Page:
- - Leads???
|horsequeen373 ||11-20-2010 12:21 AM |
So, when I learned how to canter, I was taught to use my outside leg, and put pressure on the inside rein. When I got older and started to ride stubborn, more challenging horses, I encountered many who didn't want to pick up a certain lead. My same instructor told me to bend them to the inside and make sure they are looking to the inside to get that lead. I recently changed instructors and was on a horse who didn't want to pick up the right lead. So I did what I had previously been taught. My new instructor told me to have the horse look to the outside to pick up the lead.
So my question is: Which is correct for asking for the lead, having the horse look to the inside or outside and why is that correct?
Also, there is this one horse at my old barn who hasn't been keeping her left lead through a grid. My friends and old instructor have been working with her to make her keep it but she has yet to go thru the grid without swapping to her right lead. Ideas on how to make her keep her left lead?
|ArabianAllie ||11-20-2010 12:38 AM |
I always did inside rein outside leg, but my trainer said something about this cowboy that used to pull their head to the outside for canter. IDK. I still do inside rein.
|RedTree ||11-20-2010 12:47 AM |
I do inside rein, outside leg back and inside leg on girth, I think it encourages them to start from the inside leg. So you making them balance and canter on the right lead...
maybe haha not to sure
|Allison Finch ||11-20-2010 12:49 AM |
You should NEVER flex a horse to the outside as a means to pick up the correct lead. This is a shortcut that pushes weight onto the inside shoulder and increases the horses stiffness. It can work and many use it on green horses who are too stiff to use the proper bend. I say, increase your horses flexibility before you start cantering so that they are able to balance when bending correctly.
Why train incorrectly when you will only have to retrain the horse later. Take the time to train properly and, make it easy by giving the horse the proper tools to do it right from the beginning.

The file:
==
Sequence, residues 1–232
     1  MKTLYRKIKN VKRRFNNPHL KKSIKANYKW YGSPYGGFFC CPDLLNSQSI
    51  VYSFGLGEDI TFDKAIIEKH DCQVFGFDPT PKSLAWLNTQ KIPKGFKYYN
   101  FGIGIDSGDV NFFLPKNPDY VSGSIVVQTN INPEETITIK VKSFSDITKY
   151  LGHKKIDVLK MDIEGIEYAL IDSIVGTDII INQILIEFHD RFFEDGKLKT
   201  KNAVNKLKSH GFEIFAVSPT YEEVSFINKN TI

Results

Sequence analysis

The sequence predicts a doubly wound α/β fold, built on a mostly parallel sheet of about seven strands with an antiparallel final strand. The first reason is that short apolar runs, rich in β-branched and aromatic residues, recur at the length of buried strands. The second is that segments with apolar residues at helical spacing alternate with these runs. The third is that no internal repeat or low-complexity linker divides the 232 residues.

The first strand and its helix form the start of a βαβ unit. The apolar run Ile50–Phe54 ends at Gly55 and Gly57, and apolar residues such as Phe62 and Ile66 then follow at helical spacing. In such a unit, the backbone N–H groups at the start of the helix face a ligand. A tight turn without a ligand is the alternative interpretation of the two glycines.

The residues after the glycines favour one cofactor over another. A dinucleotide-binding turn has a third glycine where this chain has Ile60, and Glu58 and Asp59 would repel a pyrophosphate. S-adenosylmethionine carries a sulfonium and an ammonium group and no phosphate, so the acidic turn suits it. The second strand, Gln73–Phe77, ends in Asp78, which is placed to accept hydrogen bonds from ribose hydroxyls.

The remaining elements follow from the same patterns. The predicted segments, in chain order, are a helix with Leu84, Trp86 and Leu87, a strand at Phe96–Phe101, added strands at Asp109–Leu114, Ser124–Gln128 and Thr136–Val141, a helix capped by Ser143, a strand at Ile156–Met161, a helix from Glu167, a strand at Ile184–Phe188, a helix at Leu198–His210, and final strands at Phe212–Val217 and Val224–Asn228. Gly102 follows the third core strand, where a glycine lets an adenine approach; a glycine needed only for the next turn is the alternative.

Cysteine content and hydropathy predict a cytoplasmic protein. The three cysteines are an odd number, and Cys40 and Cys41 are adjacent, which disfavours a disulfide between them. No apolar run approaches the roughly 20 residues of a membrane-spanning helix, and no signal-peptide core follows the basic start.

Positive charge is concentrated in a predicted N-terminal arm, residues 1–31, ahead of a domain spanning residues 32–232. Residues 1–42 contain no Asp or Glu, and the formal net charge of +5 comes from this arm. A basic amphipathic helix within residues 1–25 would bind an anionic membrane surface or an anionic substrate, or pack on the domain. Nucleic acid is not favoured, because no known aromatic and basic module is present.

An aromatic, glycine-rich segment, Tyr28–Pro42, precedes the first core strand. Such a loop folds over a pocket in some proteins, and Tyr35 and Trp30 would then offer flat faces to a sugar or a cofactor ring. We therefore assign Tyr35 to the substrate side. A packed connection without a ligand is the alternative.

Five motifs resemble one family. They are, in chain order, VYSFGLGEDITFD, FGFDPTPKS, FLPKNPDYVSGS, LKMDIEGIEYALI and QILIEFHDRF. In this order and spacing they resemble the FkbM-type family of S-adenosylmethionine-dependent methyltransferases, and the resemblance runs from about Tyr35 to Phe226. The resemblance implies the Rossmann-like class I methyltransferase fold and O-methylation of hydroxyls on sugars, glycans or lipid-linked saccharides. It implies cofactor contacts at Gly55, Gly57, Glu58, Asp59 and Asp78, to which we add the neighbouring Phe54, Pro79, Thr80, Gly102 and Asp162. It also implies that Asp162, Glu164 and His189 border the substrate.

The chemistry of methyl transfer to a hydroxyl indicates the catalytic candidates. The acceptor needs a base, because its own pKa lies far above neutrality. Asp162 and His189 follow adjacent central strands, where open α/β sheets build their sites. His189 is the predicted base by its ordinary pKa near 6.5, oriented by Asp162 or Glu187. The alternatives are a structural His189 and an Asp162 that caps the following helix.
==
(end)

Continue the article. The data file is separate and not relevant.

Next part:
|tinyliny ||11-20-2010 12:55 AM |
why would you want the horse to start from its' inside leg? Or did you mean the rider's inside leg? The first stride of the canter should be from the outside , rear leg.
Horses can either "fall" into a canter (begin the canter sequence with the 3rd step, i.e. the leading foreleg) OR they can "jump" into the canter, which is the correct way and involves having them step off with the outside, rear leg first.
I have heard some western riders teach the horse to take a RIGHT lead by putting a slight bend to the INSIDE , and cueing the canter strike off with your outside leg on, a bit back and "openning" your inside leg off the horse a bit to invite him to canter into that openning.
|RedTree ||11-20-2010 01:00 AM |
I ment lead, like get the right lead which is the inside leg :)
|Katie4469 ||11-20-2010 01:09 AM |
I'm taught by pulsing with the inside rein, but not bending... and just keeping contact with the outside. Then, inside leg on the girth, outside behind the girth with pressure.
|horsequeen373 ||11-20-2010 08:07 AM |
Thanks guy :)
|maura ||11-20-2010 09:25 AM |
For a lot of pleasure horses or horses with an elemaentary education, it's simply a matter of what set of cues they're accustomed to; and once they've learned a particular set of cues, it just doesn't matter.
You can teach a horse to pick up a left lead by rubbing your belly and patting your head if you want.
However, if you're going to train lateral work later or train by classical principles, Allison is absolutely correct. Asking for the lead by bending correctly in the direction the horse is traveling, and teaching that cue, lays the correct foundation for later work.
|Tymer ||11-21-2010 10:53 PM |
Inside rein and outside leg is the proper cue for a canter. Outside rein and outside leg (not flexing, but so that they are facing the fence) is a cheap trick to make them pick up the lead. If they don't pick up the lead, they hit the fence. My barn advocates it on stubborn horses, but once they start getting the lead to use a proper cue.
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